Indonesia has quietly become a great place to do business. The country finally seems to have cast off many of the problems that plagued it for years. Investors are starting to notice. Tokopedia recently raised $100 million from Sequoia and Softbank, Zalora raised $112 million from various investors and GrabTaxi, which is based in Singapore but has focused operations in Indonesia, took over $340 million in the last year, and $250M, alone, from Softbank.
Tokopedia’s startup story is inspiring. CEO William Tanuwijay is a self professed academic, reader, and engineer — not a businessman. He spent the first 10 years of his career taking jobs at various online and payments companies. None of these businesses excited him, so he spent his nights reading local online forums. He saw people complain loudly about problems they faced paying for goods online and receiving them offline. There was no trust between buyers and sellers. Combining business models from eBay, Craigslist, and Google AdWords, he set out to form Tokopedia. He has one mission: to build a product that everyone in Indonesia can and wants to use.
But starting a business in Indonesia was not always so simple. Five major terrorist bombings from 2000–2003 killed hundreds and spooked foreigners. Corruption was rampant. Inter-religious conflicts often flared.
This difficult past may explain why the country lacked much outside investment. Suharto, Indonesia’s president for more than 30 years, ruled Indonesia with a strong, centralized military government until 1998. In 1998, Bascharuddin Jusu Habibie started Indonesia’s truly democratic transition. He and the two presidents who followed encountered many internal conflicts and challenges. Then in 2004 Susilo Banambang Yudhoyono was elected, providing the first strong democratic president for Indonesia. He, too, was an Army general but spent his eight years fighting corruption, establishing a political system of checks and balances, and forming free trade agreements (with Japan in particular). Despite this progress, last year the World Bank rated Indonesia114 out of 189 countries for ease of doing business.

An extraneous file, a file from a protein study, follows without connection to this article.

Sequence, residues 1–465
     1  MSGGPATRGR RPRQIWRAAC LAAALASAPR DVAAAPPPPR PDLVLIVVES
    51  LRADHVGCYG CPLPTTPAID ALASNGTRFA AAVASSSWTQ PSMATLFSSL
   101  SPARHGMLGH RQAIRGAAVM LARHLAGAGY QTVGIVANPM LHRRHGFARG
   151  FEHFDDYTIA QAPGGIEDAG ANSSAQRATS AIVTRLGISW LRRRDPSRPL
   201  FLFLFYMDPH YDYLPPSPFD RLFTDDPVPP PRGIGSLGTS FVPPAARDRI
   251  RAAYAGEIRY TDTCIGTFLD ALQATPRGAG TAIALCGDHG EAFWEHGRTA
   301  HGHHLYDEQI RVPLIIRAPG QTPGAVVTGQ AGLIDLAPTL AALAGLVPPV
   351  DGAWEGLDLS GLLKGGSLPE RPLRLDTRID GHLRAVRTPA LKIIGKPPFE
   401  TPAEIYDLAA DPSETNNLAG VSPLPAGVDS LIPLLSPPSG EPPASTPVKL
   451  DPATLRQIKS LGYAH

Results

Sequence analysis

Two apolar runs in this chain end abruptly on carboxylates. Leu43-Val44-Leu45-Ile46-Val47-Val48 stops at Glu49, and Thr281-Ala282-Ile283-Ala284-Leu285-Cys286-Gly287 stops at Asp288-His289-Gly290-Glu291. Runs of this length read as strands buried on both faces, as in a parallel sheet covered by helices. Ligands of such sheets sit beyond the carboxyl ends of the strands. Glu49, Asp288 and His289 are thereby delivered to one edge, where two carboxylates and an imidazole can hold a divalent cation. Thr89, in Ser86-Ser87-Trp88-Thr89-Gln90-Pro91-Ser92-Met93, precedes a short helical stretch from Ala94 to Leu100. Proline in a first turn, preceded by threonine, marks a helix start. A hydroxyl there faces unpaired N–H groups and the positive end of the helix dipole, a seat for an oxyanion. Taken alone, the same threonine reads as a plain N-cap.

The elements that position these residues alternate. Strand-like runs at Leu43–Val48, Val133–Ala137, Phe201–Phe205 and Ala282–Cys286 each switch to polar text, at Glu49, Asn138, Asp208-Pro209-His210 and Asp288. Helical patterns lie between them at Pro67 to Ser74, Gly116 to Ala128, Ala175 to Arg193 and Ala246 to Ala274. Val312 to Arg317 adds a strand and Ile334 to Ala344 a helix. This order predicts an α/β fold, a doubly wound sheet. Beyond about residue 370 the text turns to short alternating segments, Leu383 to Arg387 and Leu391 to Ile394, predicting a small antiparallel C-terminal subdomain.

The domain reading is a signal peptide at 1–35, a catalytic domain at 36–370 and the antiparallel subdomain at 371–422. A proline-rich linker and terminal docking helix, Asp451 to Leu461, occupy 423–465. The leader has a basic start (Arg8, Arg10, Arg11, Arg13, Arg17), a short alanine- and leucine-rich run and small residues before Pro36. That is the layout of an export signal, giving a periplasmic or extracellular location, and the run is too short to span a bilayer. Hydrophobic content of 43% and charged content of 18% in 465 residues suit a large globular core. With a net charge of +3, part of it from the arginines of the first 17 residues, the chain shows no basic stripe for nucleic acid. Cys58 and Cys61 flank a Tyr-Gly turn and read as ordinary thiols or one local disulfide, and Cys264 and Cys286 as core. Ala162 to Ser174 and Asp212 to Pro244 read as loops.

Next year, it will probably rank much higher.
New President Joko Widodo — a timber collector and furniture salesman by trade — wants to diversify Indonesian businesses and attract over $500 billion in investment in the next five years. He has already pushed through a one-stop national office for business permits, created tax breaks for foreign nationals, and mapped out technology parks for high-growth industries.
Legal reforms are making the country a much safer place to invest, do business and collect payments. In the past, if a business took a customer to court for not paying its bills, the winner was decided by how much the judge was bribed, said Ichiro Kawada, CEO of BA Partners. Ten years ago tax collectors would demand personal payment for tax re-imbursement, he said. Kawada-san has been working in Indonesia with Japanese investment firms such as JAIC since 1998. He says that the environment has improved significantly and he is much more comfortable advising his Japanese to invest there now than.
All these regulatory changes will benefit the country’s growing and increasingly tech-savvy middle class. Indonesia is home to 250 million people. Within the next 20 years it is projected to become the world’s third most populous country behind India and China. Indonesia’s per capita GDP of $3,500 sits between India’s of $1,500 and China’s of $6,800. But it is growing faster than both, having doubled in the last five years. Widodo’s government has set a goal to increase GDP another 5% to 7% by luring foreign investment for infrastructure and new industries.